When people think of martial arts, Bruce Lee is among the first individuals that comes to everyone’s minds. Bruce Lee is perhaps the most famous martial artist in history. But like all popular individuals, Bruce is subject to both praise and skepticism. The main reason is that a lot of his fighting prowess is actually shrouded in mystery. What we do know is that he was in incredible shape and had martial arts training. But unfortunately many skeptics and that’s a nice way of calling them seem to think Bruce Lee was all smoke and mirrors because these “skeptics” only judge him by his fight choreography. Which is why this skepticism must be challenged.
Disclaimer: I’m not saying Bruce Lee was some sort of “unbeatable kung fu super hero” as his more fringe fans seem to think. But rather Bruce Lee was a legit fighter who was ahead of his time in regards to philosophy and training.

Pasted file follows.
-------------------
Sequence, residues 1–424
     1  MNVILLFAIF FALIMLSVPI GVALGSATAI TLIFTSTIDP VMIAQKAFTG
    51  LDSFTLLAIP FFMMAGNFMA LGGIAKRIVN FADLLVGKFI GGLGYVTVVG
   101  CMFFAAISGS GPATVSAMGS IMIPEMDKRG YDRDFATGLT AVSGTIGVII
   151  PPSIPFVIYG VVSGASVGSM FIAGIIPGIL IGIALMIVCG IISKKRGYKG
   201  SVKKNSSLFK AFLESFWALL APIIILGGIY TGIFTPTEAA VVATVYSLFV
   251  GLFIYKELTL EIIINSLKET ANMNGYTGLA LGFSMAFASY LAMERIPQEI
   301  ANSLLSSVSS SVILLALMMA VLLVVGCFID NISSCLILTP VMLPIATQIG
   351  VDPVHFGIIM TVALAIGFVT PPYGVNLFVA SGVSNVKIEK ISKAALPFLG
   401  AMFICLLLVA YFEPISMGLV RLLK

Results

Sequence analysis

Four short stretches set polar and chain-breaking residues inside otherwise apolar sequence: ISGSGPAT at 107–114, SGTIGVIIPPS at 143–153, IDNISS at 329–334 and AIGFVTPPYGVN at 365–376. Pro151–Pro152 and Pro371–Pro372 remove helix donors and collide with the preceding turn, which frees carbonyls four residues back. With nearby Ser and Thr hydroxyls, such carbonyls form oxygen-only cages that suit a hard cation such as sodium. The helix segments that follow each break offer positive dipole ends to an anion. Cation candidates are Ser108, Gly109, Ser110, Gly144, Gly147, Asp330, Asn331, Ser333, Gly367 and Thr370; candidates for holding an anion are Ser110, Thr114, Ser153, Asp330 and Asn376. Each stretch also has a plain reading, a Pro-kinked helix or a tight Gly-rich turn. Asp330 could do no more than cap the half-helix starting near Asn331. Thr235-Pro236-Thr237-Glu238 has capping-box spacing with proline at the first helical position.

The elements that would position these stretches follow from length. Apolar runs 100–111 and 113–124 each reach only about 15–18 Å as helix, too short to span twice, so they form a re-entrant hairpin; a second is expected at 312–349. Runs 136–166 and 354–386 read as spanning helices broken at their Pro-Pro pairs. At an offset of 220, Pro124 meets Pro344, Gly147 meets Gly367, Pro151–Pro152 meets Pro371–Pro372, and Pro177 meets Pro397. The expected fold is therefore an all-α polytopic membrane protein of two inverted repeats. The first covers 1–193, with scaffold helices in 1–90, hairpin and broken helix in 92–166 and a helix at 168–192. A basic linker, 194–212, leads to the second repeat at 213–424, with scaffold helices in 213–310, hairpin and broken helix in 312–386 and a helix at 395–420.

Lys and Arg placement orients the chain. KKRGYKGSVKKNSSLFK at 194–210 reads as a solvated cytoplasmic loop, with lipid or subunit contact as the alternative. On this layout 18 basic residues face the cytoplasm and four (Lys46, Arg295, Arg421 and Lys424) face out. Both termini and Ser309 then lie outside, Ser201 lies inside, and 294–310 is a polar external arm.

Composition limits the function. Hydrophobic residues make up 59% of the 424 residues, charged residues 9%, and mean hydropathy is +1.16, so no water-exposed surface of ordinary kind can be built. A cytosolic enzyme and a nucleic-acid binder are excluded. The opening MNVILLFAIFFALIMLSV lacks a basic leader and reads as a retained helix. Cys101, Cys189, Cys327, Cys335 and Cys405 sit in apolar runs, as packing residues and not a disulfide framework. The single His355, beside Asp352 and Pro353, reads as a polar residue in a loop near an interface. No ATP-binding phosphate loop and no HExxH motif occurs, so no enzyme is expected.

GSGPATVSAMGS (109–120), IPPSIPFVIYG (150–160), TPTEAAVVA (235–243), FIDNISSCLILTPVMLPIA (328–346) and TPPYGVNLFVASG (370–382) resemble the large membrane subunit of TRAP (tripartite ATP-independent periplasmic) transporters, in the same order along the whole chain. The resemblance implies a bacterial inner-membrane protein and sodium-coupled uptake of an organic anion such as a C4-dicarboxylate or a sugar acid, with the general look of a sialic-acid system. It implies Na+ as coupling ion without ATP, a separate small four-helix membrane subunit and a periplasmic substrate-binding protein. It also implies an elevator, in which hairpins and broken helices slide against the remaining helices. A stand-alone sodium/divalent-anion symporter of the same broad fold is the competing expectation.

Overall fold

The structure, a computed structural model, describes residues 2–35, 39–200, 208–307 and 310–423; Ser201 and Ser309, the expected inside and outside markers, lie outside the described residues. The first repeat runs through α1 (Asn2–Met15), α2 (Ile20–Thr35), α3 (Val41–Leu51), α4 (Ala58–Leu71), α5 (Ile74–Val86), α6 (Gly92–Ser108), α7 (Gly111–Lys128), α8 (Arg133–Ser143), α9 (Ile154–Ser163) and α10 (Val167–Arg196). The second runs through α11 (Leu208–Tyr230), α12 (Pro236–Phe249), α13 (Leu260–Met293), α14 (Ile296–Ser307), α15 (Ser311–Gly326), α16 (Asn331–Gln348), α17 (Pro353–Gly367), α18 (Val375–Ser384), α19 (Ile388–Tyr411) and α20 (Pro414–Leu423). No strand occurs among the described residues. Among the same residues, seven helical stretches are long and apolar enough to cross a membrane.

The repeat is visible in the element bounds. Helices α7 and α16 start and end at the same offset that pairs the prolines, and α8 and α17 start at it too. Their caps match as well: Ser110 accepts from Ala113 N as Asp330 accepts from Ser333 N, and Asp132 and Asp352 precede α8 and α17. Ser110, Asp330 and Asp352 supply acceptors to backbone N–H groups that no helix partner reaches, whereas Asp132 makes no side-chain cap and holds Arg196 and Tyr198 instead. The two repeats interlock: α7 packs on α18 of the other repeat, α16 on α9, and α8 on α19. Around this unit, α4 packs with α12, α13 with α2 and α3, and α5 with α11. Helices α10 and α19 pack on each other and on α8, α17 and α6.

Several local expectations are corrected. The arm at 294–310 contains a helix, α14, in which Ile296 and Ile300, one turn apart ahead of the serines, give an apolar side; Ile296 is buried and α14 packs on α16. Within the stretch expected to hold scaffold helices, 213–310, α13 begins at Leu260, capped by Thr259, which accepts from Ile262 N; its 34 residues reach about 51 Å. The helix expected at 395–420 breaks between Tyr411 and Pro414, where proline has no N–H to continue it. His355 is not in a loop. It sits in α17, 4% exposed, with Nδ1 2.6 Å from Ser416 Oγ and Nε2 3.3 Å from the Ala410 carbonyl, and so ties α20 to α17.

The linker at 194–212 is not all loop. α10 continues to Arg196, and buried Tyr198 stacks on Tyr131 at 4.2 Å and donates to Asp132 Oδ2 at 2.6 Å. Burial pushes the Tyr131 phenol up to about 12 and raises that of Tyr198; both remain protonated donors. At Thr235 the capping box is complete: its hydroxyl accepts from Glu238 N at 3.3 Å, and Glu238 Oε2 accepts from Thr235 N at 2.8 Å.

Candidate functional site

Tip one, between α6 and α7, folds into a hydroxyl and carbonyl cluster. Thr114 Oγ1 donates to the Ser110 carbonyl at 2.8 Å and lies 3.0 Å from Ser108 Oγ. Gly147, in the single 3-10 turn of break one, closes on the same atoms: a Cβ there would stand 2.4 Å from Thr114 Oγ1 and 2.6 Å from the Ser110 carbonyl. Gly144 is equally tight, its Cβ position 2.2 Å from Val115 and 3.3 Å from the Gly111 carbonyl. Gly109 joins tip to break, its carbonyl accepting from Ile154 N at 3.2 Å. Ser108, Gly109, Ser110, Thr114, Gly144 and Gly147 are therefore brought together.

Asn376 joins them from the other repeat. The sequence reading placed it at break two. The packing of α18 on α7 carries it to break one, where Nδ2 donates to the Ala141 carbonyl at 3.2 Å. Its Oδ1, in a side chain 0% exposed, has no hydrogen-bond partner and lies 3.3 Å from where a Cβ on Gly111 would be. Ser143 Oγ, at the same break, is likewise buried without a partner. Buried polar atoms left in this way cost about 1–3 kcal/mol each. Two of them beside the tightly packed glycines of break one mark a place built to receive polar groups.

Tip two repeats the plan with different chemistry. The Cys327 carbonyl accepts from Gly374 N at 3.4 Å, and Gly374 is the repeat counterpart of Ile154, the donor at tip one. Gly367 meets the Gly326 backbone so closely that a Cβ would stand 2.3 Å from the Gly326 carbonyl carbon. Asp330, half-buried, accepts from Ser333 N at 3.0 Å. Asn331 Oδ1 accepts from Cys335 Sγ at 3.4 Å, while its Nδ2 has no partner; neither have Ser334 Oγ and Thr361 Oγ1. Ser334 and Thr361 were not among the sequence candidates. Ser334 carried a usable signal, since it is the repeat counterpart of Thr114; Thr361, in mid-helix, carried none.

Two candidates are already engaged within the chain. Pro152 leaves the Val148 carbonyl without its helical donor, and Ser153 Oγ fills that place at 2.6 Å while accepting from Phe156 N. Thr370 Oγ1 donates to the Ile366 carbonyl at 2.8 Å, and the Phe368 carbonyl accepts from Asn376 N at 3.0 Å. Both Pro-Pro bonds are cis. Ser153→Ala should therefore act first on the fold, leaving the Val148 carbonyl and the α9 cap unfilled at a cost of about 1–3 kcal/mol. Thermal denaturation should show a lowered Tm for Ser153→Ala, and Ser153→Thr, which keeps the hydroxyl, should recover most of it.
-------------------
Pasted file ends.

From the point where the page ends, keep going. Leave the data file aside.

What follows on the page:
1.) The misconception that he was only a striker: A lot of skeptics of Bruce Lee, specifically those within the MMA community doubt his combat prowess because they assume he was only a “fancy kicker” with no experience in grappling. But upon further research, there is indeed proof that he had some grappling skills in Judo and Jujitsu. How proficient he was in grappling and how he acquired grappling experience is mostly unknown but it has been heavily implied that both Wally Jay(Jujitsu) and Gene Lebell(Judo) taught him some grappling. In fact there are pictures of Bruce Lee wearing Judo Gis and training in Judo.2.) His physical size: Ah yes a lot of meat head skeptics like to patronize him for being a bantamweight(5’8” 132lbs). When it comes to fighting, size usually means weight rather than height because height isn’t as important as weight is in a fight. So yes size matters in a fight but just cause you are bigger doesn’t mean you will always win a fight. There have been many occasions where smaller fighters manage to beat larger opponents even when they are equal in skill. Why? Because size is only one of the many factors that determines the outcome of a one on one fight. Aside from size, there are many other factors involved that will also determine who wins the fight. For example Yuki Nakai a 5’7” 135lb bantamweight who in his prime did not have the same physical capabilities as Bruce Lee, still managed to consecutively submit two much taller heavyweights of equal skill in one night.